The Solution:

  • Focus and invest in your health and performance by prioritizing sleep in your daily schedule, preferably in a cool, dark and screen free (no TV, computers, tablets, phones…) room. If you can go to bed and wake at the same time each day, you have an ideal situation.

  • The amount of sleep you need is individualized, and changes as we age. Research suggests that you should not have less than 6 hours of uninterrupted sleep/night. If you have a sleep monitoring gadget (Garmin, Fit Bit, and iPhone offers one), wear it for a week to receive a real-life snapshot into your actual sleep patterns.

  • During the first three hours of sleep, the body releases growth hormone, and if you happen to get a second wind and go to bed later than normal, you’ve missed the hormone release for that night. Cumulatively this is detrimental to your performance, mind, and body.

  • Daytime naps are fantastic enhancement. Remember, this is not a Band-Aid to make up for poor nightly sleep habits.

Challenge #3: Unhealthy Daily Eating Habits

          To adapt to your training load and maintain optimal energy levels, you must fuel with an adequate and balanced daily nutrition regimen. Immediately following longer and/or intense workouts, consuming a combination of protein and simple carbs is critical. Skipping this valuable refueling opportunity creates unnecessary stress on the body and inhibits recovery. As sad as it is, many athletes tend to restrict food to improve body composition. Consequently, they sabotage the end goal with a reduction in fitness, compromised health and muscle loss (strength) and increased risk for injury. Sufficient and timely fueling is essential.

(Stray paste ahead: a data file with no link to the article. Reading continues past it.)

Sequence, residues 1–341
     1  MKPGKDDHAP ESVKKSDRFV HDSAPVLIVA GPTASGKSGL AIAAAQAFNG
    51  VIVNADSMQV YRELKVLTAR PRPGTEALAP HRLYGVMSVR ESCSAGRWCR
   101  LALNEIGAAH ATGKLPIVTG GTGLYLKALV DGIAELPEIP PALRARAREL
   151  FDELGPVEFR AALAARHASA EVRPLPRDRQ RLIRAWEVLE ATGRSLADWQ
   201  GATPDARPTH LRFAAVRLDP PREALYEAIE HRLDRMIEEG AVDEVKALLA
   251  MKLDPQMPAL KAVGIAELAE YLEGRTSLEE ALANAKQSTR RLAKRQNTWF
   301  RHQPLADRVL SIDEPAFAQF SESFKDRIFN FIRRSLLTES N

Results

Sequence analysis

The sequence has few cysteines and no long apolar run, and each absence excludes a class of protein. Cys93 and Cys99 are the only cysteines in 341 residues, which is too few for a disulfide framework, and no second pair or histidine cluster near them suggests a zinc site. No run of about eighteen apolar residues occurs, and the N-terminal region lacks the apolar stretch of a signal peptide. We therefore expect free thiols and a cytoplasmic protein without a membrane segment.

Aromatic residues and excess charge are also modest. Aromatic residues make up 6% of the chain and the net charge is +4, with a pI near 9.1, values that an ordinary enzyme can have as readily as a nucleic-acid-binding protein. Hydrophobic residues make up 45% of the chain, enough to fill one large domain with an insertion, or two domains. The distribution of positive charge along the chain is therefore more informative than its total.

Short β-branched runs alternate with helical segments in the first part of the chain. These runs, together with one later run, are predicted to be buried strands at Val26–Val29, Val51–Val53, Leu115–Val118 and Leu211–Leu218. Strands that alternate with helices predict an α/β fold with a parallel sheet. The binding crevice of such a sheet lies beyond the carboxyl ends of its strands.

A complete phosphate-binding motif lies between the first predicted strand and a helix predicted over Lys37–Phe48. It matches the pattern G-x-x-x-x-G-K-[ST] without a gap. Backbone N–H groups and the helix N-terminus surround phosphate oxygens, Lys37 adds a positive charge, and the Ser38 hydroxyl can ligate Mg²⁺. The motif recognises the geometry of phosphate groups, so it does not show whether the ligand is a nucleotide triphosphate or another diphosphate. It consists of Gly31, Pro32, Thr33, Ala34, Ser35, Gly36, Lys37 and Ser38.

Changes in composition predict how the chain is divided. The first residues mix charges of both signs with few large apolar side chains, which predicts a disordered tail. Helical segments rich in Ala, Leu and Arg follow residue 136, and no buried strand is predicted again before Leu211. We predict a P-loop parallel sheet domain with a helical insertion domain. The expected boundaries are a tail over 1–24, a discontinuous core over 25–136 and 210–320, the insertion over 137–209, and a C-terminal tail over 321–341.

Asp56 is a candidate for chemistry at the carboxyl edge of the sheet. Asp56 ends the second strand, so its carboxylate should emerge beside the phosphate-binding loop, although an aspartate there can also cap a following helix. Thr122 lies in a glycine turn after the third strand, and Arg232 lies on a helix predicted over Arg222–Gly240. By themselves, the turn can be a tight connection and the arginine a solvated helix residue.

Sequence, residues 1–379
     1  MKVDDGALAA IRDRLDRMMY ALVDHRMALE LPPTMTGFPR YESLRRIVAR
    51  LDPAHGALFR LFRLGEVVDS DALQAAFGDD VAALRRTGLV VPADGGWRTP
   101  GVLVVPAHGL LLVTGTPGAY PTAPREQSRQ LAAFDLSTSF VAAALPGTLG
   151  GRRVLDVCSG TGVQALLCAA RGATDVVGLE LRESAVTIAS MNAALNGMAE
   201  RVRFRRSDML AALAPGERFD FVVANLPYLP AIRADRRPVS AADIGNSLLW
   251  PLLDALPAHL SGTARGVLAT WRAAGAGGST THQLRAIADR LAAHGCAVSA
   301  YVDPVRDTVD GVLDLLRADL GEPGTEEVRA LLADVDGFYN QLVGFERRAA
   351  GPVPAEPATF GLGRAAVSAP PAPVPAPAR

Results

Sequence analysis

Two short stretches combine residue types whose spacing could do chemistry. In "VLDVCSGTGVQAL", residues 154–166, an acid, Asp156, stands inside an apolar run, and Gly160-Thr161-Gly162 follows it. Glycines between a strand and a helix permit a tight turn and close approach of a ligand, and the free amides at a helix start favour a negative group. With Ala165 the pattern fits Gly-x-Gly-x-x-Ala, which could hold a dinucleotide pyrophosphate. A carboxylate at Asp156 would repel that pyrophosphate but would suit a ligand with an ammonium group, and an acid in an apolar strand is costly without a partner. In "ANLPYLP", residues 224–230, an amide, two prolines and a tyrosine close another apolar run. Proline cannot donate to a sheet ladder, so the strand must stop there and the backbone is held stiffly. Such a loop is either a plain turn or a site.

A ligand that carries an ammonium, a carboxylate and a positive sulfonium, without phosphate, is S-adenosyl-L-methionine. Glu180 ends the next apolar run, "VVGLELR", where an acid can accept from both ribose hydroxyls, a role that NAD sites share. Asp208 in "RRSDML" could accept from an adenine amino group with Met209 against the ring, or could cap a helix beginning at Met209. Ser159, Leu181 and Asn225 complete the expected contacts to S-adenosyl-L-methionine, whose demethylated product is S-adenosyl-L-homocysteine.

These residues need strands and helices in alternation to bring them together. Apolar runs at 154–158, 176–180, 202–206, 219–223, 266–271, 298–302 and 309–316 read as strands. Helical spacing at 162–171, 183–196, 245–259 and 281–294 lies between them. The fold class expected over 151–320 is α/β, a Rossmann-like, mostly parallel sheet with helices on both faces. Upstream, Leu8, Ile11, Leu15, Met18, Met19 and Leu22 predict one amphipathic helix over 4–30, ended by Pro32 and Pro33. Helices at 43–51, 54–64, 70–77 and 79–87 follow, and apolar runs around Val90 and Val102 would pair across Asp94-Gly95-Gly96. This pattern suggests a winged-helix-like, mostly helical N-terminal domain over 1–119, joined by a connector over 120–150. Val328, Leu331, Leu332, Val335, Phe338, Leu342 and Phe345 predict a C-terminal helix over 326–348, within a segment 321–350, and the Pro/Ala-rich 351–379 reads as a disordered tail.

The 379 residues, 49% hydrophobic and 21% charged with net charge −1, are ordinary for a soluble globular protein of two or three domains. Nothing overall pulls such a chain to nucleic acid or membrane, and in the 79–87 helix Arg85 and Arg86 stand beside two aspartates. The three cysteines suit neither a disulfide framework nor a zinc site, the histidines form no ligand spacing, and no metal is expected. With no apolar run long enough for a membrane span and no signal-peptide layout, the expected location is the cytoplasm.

The Solution

  • Start your day with a balanced breakfast. Don’t skip this vital meal, no matter how busy you are or how early you get up. Include protein, healthy fat and complex carbohydrates. Check out some recipe ideas on our website HERE, as well as information on the importance of breakfast under our Nutrition/Blog section HERE.

  • Eat three meals/day consisting of quality protein and healthy fat, whole grain carbohydrates and plentiful fruit/veggies.

  • Bridge meals that are more than 4 hours apart with small, balanced snacks.

  • Consume protein during the recovery phase to stimulate protein synthesis, offset muscle breakdown and promote muscle repair, along with simple sugars to promote glycogen re-synthesis. Refuel within 30-45 minutes post workout, ideally with your next planned meal.

  • To combat inflammation and tissue damage, include healthy fats along with proper hydration.

  • Prioritize the meals around your most active time of the day. For example, if your workouts are primarily in the morning, breakfast and lunch should be substantial, and dinner can be smaller with an emphasis on protein consumption.

  • Moderation is key. If you want pizza on Sunday night or a glass of wine with dinner during the weekend, go for it. Just keep it in moderation, and don’t go overboard with the whole pizza or entire bottle of wine.

          If you can implement these three basics, you are on your way to a successful season. And about that arsenal of recovery tools & modalities mentioned earlier, they offer excellent support to your recovery when we provide our bodies with adequate sleep, proper nutrition and prioritize adequate sleep. The result will be a great adaptation to your training load.

Ta-la! Train Smart!